“Overall, we see less funding per aged care recipient, and this results in fewer available hours of care when compared with NDIS participants, ….,” said Rooney. “This often leaves aged care recipients, particularly in home care, contending with unmet needs.”
Rooney said, “We support NDIS recipients receiving their funding and care…..however we believe older Australians should receive funding based on their need. Without aged care recipients having access to adequate levels of funding support … the level, quality and outcomes of the care and support they receive may suffer,” said Rooney.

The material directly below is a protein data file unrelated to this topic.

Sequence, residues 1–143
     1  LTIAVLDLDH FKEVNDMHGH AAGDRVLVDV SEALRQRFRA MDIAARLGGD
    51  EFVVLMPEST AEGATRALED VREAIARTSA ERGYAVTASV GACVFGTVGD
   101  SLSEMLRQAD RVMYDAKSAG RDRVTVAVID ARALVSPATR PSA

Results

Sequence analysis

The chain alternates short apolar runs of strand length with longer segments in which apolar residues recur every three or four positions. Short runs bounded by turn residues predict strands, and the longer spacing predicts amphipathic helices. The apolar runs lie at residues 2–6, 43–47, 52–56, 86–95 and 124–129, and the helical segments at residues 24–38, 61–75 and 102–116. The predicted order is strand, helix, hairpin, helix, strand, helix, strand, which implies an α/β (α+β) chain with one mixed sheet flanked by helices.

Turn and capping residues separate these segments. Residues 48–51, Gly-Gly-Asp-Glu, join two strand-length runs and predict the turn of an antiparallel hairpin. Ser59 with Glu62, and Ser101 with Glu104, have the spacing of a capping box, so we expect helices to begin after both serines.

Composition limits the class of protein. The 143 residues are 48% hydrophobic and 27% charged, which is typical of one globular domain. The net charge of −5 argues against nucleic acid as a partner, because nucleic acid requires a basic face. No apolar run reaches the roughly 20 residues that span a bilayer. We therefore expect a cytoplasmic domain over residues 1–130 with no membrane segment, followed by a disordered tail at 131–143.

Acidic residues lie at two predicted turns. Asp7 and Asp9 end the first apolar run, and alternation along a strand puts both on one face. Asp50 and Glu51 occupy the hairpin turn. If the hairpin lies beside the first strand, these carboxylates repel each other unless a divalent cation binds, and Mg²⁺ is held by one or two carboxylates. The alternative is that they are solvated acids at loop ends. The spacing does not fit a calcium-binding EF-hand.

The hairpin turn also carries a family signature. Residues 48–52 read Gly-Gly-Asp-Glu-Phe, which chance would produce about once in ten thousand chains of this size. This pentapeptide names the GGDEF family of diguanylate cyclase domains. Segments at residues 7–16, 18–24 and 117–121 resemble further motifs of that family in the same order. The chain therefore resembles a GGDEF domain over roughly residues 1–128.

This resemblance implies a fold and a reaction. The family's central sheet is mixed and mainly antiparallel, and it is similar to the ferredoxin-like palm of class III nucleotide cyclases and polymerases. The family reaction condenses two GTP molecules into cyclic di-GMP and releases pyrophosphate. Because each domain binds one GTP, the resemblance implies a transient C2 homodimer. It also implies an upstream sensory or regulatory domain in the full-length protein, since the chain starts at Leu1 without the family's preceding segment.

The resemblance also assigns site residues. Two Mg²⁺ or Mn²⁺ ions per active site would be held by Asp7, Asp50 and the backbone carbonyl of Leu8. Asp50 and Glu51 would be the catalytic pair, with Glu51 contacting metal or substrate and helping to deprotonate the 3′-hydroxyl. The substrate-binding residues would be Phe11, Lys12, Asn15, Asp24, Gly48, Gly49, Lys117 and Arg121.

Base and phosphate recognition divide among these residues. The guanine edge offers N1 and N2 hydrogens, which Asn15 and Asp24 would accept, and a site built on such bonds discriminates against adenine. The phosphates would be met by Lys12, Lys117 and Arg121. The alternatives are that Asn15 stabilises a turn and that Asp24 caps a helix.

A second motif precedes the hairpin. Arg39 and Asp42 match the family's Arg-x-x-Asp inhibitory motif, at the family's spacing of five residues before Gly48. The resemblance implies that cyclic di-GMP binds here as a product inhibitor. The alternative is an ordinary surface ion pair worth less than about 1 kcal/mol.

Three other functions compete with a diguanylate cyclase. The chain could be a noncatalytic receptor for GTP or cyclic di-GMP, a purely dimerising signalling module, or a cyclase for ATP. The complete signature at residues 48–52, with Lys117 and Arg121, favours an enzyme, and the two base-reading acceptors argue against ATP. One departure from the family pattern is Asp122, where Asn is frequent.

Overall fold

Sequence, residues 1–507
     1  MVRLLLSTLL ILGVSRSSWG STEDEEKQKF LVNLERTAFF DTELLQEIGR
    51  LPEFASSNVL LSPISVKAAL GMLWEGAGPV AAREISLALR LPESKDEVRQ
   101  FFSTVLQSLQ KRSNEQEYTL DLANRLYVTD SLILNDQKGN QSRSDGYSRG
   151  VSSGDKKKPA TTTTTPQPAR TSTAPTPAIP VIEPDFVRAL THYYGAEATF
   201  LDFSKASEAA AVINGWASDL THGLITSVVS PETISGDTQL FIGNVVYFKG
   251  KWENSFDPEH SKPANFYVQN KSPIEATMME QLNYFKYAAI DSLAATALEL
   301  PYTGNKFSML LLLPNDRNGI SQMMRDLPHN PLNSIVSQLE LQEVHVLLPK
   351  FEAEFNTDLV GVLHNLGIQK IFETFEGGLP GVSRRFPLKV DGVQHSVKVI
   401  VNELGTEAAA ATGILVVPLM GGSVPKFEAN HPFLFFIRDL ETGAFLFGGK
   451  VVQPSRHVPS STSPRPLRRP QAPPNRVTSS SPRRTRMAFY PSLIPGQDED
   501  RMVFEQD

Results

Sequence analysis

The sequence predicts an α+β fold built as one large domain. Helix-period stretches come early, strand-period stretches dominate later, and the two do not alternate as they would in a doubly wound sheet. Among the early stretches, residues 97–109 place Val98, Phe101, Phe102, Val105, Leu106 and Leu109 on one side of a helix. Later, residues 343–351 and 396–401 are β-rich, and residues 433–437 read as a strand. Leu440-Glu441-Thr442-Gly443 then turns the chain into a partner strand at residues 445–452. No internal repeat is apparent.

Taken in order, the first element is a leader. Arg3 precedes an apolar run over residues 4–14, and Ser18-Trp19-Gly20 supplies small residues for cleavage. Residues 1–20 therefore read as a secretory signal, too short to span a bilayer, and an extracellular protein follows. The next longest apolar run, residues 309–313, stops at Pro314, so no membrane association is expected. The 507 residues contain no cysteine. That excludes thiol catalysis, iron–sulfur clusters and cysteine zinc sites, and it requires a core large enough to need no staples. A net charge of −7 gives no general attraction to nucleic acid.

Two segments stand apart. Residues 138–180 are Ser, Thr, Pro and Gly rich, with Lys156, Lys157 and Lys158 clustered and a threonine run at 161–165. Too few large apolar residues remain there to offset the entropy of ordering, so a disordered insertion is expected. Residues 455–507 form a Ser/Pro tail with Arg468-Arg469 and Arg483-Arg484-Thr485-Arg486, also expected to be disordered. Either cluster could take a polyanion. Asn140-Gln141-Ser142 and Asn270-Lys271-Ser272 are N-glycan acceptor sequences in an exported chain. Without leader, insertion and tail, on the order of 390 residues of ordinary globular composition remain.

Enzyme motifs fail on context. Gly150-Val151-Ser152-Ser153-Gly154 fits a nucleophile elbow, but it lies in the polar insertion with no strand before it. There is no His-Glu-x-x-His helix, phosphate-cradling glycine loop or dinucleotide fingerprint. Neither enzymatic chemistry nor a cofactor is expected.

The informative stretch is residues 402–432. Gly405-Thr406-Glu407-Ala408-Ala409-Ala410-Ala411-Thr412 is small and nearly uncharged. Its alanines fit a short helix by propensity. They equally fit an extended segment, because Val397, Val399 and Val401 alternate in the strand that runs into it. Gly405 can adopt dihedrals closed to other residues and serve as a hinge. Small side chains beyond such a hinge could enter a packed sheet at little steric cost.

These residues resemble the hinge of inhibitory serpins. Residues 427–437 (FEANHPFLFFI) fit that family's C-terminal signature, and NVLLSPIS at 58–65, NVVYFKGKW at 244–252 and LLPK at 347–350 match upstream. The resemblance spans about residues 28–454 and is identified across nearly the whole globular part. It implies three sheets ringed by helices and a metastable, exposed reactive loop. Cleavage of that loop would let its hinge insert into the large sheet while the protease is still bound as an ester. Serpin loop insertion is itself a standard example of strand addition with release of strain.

As you can see from the above it is all a nightmare to navigate just when you finally come to realise that you need more help to stay in your home, thus saving the government money for as long as possible by not going into Aged Care.
Given the published waiting times, once assessed, of 12 months (last revised 28 February 2021), it is never too early to start thinking, researching or doing something about it if you or your loved ones are in that age bracket.
And back to where we started. If you are unfortunate enough to get dementia before 65 and qualify for the NDIS, you get about four times the amount you would get if diagnosed by ACAT when over 65!